| go to index of reviews | go to entry page | | go to other departments |
The "Devils Music" Is 'Devine'
"The Devil’s Music: The Life and Blues of Bessie Smith"
Directed by Joe Brancato
Presented by Penguin Rep Theatre
At St. Luke’s Theatre
308 West 46th Street
Opening June 22, 2011
Tues. at 7pm, Wed. at 8pm,
Tickets: $36.50-$69.50 (212) 239-6200
Reviewed by Paulanne Simmons June 14, 2011
Miche Braden as Bessie Smith. Photo by John Quilty.
Born in to a poor family in Chattanooga, Tennessee, Bessie Smith grew up to become the most popular blues singer of the 1920s and 1930s. She made over 160 recordings and one film, and performed with some of the greatest musicians of the era, including Coleman Hawkins, Louis Armstrong and Fletcher Henderson. But Smith’s private life sometimes overshadowed her professional life.
“The Devil’s Music: The Life and Blues of Bessie Smith” by Angelo Parra places Bessie in a “buffet flat,” one of many private establishments around the country where blacks gathered after hours for food, drink, gambling, lodging and entertainment. The year is 1937, not long before Smith died in a car crash while traveling with her lover, Richard Morgan, from Memphis, Tennessee to Clarksdale, Mississippi.
Bessie, a hard-drinking, sometimes mean-tempered, but generous woman, can sense that the end is near. She is strong-willed but physically weak. She has known both triumph and tragedy.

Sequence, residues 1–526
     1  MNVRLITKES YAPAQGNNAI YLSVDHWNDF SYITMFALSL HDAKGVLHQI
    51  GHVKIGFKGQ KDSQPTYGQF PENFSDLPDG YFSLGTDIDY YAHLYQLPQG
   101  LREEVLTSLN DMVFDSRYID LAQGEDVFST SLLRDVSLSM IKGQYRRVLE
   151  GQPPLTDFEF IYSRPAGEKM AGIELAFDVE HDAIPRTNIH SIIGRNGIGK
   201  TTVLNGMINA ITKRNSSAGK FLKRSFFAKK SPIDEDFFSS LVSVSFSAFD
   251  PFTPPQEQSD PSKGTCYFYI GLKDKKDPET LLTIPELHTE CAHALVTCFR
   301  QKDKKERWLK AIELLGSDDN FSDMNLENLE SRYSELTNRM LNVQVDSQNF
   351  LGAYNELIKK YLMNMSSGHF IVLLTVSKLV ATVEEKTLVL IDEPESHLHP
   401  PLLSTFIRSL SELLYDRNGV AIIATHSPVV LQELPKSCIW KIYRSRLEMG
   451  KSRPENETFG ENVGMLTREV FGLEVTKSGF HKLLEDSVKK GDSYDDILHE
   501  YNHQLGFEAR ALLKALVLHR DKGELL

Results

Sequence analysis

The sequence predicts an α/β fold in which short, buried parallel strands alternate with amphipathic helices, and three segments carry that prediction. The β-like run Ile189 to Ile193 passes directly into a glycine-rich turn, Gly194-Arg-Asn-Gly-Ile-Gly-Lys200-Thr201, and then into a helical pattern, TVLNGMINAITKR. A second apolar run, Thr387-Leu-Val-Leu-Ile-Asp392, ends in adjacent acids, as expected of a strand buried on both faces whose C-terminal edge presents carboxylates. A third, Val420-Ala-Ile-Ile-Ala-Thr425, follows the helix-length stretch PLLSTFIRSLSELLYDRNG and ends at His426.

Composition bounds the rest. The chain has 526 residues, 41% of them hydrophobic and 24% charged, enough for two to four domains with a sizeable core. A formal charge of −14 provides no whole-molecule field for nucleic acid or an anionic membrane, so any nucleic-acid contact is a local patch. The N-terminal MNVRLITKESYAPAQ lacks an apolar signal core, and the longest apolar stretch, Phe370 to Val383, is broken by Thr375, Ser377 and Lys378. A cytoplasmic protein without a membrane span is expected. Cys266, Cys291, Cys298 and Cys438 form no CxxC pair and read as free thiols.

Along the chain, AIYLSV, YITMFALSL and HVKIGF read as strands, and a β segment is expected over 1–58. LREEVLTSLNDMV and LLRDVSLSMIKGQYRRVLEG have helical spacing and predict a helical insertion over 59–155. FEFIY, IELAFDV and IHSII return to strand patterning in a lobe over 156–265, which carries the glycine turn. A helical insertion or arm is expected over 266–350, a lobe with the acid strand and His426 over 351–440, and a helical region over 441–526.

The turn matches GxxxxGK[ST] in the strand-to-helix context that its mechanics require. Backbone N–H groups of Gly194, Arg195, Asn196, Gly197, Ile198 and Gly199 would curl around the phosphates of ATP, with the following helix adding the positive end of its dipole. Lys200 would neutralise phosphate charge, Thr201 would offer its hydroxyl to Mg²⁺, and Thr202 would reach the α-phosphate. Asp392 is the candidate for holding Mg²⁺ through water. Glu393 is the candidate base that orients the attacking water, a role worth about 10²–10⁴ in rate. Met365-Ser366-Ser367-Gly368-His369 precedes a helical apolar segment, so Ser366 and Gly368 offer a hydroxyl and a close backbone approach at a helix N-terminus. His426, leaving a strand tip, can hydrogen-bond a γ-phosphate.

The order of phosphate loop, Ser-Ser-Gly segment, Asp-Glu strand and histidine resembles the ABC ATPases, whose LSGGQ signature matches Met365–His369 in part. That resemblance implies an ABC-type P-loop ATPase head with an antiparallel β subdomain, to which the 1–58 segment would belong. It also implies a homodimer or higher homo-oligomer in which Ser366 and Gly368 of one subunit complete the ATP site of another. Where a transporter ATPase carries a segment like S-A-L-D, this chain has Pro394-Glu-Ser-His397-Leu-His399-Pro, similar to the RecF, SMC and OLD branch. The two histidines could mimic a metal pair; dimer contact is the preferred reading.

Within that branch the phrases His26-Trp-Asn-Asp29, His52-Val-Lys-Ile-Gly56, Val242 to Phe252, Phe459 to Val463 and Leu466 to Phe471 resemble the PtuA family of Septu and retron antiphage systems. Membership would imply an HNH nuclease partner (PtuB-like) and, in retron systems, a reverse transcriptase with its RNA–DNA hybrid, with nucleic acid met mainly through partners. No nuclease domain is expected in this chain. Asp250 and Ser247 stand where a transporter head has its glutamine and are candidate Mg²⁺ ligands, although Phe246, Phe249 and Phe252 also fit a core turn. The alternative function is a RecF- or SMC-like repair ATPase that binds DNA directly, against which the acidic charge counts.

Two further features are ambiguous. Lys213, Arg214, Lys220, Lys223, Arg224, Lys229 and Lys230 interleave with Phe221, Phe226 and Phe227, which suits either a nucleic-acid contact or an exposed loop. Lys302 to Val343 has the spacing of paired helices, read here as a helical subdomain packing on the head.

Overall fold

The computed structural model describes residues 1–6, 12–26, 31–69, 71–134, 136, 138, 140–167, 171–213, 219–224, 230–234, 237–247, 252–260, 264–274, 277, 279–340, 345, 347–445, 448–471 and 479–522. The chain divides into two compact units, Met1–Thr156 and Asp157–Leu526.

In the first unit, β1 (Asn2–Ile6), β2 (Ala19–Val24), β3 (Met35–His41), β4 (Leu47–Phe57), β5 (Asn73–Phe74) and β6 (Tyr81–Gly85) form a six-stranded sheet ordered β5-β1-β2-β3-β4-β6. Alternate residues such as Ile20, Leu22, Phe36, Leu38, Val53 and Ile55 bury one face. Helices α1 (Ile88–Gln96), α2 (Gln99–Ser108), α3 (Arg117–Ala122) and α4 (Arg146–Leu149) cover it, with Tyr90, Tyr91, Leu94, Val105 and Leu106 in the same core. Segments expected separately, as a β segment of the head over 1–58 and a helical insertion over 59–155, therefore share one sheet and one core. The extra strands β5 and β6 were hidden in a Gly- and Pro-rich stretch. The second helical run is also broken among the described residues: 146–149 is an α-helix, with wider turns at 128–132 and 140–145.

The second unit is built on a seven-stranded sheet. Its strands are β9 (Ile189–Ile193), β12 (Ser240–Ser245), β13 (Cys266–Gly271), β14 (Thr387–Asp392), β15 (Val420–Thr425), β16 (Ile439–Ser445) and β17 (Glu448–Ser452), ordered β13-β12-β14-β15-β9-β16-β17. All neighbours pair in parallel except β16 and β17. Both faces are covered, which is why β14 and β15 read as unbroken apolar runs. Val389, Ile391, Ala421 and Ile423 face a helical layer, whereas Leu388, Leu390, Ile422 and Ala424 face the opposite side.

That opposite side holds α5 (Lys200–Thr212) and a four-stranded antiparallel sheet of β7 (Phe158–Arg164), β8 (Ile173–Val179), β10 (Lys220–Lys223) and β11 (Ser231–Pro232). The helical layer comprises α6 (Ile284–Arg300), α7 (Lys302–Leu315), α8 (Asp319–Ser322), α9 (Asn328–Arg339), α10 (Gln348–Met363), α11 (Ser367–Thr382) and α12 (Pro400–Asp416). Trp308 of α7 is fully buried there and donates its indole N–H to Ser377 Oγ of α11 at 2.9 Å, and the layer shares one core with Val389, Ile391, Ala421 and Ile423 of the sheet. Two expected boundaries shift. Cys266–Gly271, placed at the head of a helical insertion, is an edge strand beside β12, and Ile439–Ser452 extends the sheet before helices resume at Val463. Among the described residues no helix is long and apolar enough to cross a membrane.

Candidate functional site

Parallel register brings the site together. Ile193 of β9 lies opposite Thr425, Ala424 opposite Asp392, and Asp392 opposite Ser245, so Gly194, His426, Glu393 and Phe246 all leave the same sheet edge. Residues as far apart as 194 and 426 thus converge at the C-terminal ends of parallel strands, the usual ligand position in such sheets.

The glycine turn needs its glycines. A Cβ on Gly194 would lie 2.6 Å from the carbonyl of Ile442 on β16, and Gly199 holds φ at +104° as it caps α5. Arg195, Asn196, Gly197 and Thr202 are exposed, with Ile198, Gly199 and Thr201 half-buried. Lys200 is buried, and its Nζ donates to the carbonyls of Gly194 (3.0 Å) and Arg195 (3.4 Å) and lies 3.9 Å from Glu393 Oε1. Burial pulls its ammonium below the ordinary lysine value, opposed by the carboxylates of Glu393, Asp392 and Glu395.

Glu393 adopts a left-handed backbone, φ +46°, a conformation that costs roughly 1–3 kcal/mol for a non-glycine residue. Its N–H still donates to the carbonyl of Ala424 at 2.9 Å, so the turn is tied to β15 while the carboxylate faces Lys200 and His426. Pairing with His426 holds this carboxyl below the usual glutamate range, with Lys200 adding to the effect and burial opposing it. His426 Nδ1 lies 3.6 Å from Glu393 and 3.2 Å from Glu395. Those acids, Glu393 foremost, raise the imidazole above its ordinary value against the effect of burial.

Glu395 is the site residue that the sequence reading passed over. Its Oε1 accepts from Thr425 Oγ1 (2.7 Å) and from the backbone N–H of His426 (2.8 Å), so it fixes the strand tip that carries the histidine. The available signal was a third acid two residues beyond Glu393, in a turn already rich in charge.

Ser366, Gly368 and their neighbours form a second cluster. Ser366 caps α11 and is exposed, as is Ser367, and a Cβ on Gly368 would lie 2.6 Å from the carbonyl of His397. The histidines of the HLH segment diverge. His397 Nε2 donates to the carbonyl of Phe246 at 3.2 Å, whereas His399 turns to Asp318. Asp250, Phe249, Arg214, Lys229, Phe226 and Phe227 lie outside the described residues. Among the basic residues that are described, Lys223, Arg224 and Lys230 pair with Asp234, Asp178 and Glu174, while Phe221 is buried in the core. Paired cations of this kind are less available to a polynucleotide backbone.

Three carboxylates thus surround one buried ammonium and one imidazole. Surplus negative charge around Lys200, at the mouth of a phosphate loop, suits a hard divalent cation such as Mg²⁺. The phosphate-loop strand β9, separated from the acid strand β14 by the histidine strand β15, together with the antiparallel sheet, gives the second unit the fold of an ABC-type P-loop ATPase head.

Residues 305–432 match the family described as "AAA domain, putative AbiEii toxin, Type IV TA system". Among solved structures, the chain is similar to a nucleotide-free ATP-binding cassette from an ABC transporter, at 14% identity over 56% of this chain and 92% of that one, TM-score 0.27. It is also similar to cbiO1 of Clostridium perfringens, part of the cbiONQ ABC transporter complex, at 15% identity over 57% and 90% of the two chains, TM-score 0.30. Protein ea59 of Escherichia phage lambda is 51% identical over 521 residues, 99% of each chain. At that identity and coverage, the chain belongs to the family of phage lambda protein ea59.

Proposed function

Miche Braden plays the legendary “Empress of the Blues” with pitch perfect understanding of what made this lusty, loving and ultimately tragic woman tick. We learn of Smith’s loves (both male and female), her adopted son (who was taken from her after her divorce) and the vicissitudes of a career that straddles blues and swing.
Miche Braden as Bessie Smith with Keith Loftis on the saxophone and Jim Hankins playing bass (partially seen). Photo by John Quilty. From L-R: Jim Hankins (bass), Miche Braden (Bessie Smith), Aaron Graves (piano), and Keith Loftis (saxophone). Photo by John Quilty. Miche Braden as Bessie Smith and Keith Loftis on the saxophone. Photo by John Quilty.
Bessie banters with both the audience and the band, bassist Jim Hankins; pianist Aaron Graves; and on the saxophone, Keith Loftis and Anthony E. Nelson, Jr. She’s a big woman, both physically and emotionally, and she is determined to get what she wants, despite personal and professional setbacks.
And, of course, Bessie does what she knows best, belt out the blues. Braden sings many of the songs Smith made famous: ‘I Ain’t Got Nobody,” “St. Louis Blues,” Baby Doll,” and “Nobody Knows You When You’re Down & Out.” And she does it with great style and feeling.
Jim Hankins as the bass player and Miche Braden as Bessie Smith. Photo by John Quilty.
“The Devil’s Music: The Life and Blues of Bessie Smith” is based on a concept by Joe Brancato, who also is responsible for the musical staging and direction. With the aid of Jeff Croiter’s lighting design and Michael Schweikardt’s set, Brancato brings the audience back to those days when African-American blues was first entering into the mainstream culture.
The smallish stage at St. Luke’s Theatre works perfectly to convey the intimacy of the venue where Bessie is singing, plus the way the legendary blues singer dominated the stage. It also becomes symbolic of the limited options Bessie had as a black woman in the segregated South.
Yet Bessie Smith was a woman who could not be contained by limiting factors such as race or birth. She straddled her world as she strode across the stage. It’s a pleasure to see Braden bring her to life.
| home | reviews | cue-to-cue | discounts | welcome |
| museums | NYTW mail | recordings | coupons | publications | classified |